On whistleblowers, ignored research, and bad clinical practice:
BW: In your book, you report that in 2000 there was an internal audit done of about 150 patients at the Tavistock gender clinic. That audit found the vast majority of the clinic’s patients were dealing with lots of other issues on top of gender dysphoria, whether that was anxiety or depression, abuse in the home, or an eating disorder. There was this additional internal report done in 2005 by the medical director of Tavistock, and what it found was pretty alarming. It found that no one was collecting data on the patients and that there was a lot of internal confusion and conflict within the clinic about the very treatments they were providing. In short, providers at Tavistock could not agree on whether they were treating children distressed because they were trans or children who identified as trans because they were distressed? Or was it a combination of both? The medical director also said this of puberty blockers in 2005: “They are relatively untested and unresearched.” Tell me about both of these findings of the audit and the report, and what changes were made at the gender clinic following these things coming to light.
HB: The audit was meant to be the start of a more rigorous, scientific approach to helping this group of vulnerable young people. The better you know your patients and what’s going on with them, the more you can cater their care. So David Freedman, a social sciences researcher, undertook this audit with a couple of other people, and the idea was that they would use the findings to improve, and then continue. But they didn’t do that. Even in 2005, Sue Evans, who was the first whistleblower, felt that young people were being referred too quickly for physical interventions for puberty blockers, and there really wasn’t adequate exploration in some of these cases. So, the report, which was very thorough, went unseen until 2020 when I filed a Freedom of Information Act and received it from Tavistock (they had resisted quite vigorously). And it’s really striking because the recommendations are really sensible. What Dr. David Taylor, who was the medical director, said was: if we’re going to do this, we need to do it properly. We need to conduct proper research. How are these young people using the blocker? Are they using it as time to think, or what else is going on? Who are the people that we’re seeing? And he said, look, I’m not saying we shouldn’t use blockers. But they should be a last resort. Therapy should come first. Most importantly, he said, we have to support our staff in being able to say no when a patient requests puberty blockers and intervention. And he said, if our staff doesn’t think it’s appropriate, they must be able to say no and be supported in doing that. Dr. Taylor also suggested that they do regular and retrospective audits of both those who went on the blockers and those who didn’t, because you can learn from everyone. But none of that happened. So, as for the second part of your question, how were the findings used? Well, they were ignored.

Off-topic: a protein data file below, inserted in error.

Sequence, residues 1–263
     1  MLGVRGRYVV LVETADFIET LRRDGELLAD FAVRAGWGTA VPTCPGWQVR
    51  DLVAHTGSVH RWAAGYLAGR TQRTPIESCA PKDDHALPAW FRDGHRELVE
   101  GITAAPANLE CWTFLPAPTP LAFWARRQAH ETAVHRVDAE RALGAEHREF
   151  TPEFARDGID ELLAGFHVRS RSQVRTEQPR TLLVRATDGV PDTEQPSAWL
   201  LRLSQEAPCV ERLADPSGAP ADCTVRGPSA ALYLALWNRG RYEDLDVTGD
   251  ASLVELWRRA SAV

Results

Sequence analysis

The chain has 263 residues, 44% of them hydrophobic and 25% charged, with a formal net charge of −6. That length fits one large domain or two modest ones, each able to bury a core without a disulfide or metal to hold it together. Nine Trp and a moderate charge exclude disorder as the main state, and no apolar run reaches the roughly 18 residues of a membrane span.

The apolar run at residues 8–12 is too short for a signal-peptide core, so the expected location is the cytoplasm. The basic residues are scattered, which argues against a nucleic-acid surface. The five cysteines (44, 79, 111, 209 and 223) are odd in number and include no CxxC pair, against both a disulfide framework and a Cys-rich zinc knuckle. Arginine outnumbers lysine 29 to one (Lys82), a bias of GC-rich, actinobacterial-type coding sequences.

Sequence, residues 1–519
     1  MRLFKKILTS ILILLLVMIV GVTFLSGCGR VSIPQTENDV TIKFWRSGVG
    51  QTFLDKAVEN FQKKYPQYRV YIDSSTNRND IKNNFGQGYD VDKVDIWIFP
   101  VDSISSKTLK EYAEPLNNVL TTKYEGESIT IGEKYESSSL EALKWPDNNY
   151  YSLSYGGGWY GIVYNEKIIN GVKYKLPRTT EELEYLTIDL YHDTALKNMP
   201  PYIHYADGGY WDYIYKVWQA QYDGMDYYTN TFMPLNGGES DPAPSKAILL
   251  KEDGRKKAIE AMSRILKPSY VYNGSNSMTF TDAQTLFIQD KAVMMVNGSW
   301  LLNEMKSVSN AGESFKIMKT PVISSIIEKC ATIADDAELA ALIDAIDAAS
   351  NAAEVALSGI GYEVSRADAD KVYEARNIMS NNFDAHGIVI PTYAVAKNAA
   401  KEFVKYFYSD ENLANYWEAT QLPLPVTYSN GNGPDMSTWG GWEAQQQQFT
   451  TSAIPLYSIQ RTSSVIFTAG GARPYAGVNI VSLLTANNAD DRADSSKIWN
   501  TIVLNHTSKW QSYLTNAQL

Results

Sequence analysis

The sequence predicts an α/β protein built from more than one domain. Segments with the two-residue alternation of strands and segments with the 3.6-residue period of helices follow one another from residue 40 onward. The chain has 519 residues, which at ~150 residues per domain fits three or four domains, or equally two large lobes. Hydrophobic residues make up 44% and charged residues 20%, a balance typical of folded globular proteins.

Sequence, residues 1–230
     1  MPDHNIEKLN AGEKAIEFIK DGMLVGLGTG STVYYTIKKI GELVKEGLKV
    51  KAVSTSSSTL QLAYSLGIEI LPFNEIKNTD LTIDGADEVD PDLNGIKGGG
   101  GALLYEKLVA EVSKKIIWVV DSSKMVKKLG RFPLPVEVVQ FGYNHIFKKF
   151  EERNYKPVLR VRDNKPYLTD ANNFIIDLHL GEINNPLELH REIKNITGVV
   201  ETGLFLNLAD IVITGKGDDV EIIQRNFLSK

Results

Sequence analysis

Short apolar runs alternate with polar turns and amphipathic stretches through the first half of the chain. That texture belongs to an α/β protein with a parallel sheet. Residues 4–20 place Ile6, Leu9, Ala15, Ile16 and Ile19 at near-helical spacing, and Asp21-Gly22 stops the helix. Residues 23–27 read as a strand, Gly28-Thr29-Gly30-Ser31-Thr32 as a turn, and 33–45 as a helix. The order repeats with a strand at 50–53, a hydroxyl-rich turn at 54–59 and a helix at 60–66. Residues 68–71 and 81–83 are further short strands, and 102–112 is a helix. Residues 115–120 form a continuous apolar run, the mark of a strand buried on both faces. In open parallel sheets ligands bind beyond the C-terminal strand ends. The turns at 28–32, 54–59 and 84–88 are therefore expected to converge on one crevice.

On the NHS’s decision to close Tavistock:
BW: Your reporting helped precipitate this very extensive review by the UK’s National Health Service in February 2022, which found that the type of care that was being provided at the Tavistock gender clinic wasn’t safe. Dr. Hilary Cass wrote in one part of the report that, “Primary and secondary care staff have told us that they feel under pressure to adopt an unquestioning affirmative approach and that this is at odds with the standard process of clinical assessment and diagnosis that they have been trained to undertake in all other clinical encounters.” Tell us about the details of the report and why the NHS ultimately decided that they’re going to close the clinic in 2024.
HB: In January 2021, the CQC, our healthcare inspectorate, published a report that rated the clinic and its leadership inadequate. While it acknowledged that the staff were compassionate and cared about the young people, the report said that in lots of cases there was no evidence informed consent had been obtained. They said that risk wasn’t being adequately managed, both for those on the very long waiting list for care, but also those who were already being treated at the service. They said they couldn’t understand why clinical decisions had been taken because it wasn’t well documented. There wasn’t the expertise to deal with young people with autistic traits who, according to Tavistock’s own figures at one point at least, made up 35 percent of referrals. They said that staff felt unable to speak up for fear of retribution. The report was very, very damning. When we got the interim report from Dr. Cass, it was quite sad because she made exactly the same points that these members of staff had been raising for seven years, but nothing had changed. It explained that there needed to be different pathways—that, just as there were different ways into gender dysphoria, there had to be different ways out of it as well. It said there was no agreement on what the purpose of the blocker was. All these things were—although they wouldn’t put it in these words—vindicated, really. As a consequence of that, the NHS made the decision that it has to be a fundamentally different model that was more holistic. There had to be greater emphasis on mental health, and you needed experts in really working with young people. You didn’t have to be a gender expert; you needed to understand adolescents and mental health, and maybe autism and neurodiversity and trauma. Dr. Cass called for a fundamentally different model, and the NHS is now closing GIDS, the Tavistock gender clinic. It was meant to be shut by now, but it’s going to be another year, they say. March 2024 is the latest they’ve given. In the meantime, it’s a complete mess. You’ve got 8,000-plus struggling young people on a waiting list with absolutely no care or support whatsoever.